We show that the optimal set of filters and their parameters depends significantly on the video stream and query in question, so NOSCOPE introduces an efficient cost-based optimizer for this problem to select them. With this approach, our NOSCOPE prototype achieves up to 120-3,200× speed-ups (318- 8,500× real-time) on binary classification tasks over real-world webcam and surveillance video while maintaining accuracy within 1-5% of a state-of-the-art CNN.
In this paper, we address this tension between CNNs’ accuracy and computational expense by employing one of the mainstays of data management system design: query optimization.
Just as conventional database engines automatically adapt their query processing plans to properties of the data , NOSCOPE automatically adapts CNN-based video query processing to the contents of video streams
As a result, NOSCOPE allows efficient and accurate classification and label extraction of data streams—without requiring manual tuning.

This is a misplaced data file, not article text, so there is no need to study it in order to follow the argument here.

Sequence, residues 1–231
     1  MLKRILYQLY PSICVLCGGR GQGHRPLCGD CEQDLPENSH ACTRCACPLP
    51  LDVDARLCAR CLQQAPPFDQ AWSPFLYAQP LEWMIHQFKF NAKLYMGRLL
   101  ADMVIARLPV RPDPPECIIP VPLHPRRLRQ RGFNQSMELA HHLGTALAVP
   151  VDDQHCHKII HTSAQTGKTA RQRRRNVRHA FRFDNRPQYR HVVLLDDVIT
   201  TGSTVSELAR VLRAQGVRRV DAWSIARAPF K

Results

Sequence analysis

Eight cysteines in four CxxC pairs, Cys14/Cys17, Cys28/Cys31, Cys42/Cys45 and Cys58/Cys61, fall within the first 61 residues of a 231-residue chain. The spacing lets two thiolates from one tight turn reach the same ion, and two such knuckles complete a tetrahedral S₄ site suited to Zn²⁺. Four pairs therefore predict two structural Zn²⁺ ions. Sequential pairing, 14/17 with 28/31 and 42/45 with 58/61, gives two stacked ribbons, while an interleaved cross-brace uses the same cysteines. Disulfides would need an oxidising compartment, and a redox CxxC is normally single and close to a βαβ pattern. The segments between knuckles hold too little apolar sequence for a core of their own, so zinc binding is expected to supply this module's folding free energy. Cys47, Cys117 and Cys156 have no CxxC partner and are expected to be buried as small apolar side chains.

In its search for equivalent but efficient CNN filters, NOSCOPE exploits a key property of video data: video content is often highly redundant. NOSCOPE employs two types of filters that exploit several types of locality (i.e., similarities) within a stream. First, video data exhibits temporal locality. Second, video exhibits scene specific spatial locality.
The key challenge in exploiting the above observations is that the optimal configuration of filters is highly data-dependent. Diverse filters will perform very differently on different scenes, offering distinct tradeoffs between speed, selectivity, and accuracy.
To summarize, our contributions are:
1. NOSCOPE, the first data management system that accelerates CNN-based classification queries over video streams at scale.
2. CNN-specific techniques for difference detection across frames and model specialization for a given stream and query, as well as a cost-based optimizer that can automatically identify the best combination of these filters for a given accuracy target.
3. An evaluation of NOSCOPE on fixed-angle binary classification showing up to 3,200× speedups on real-world data.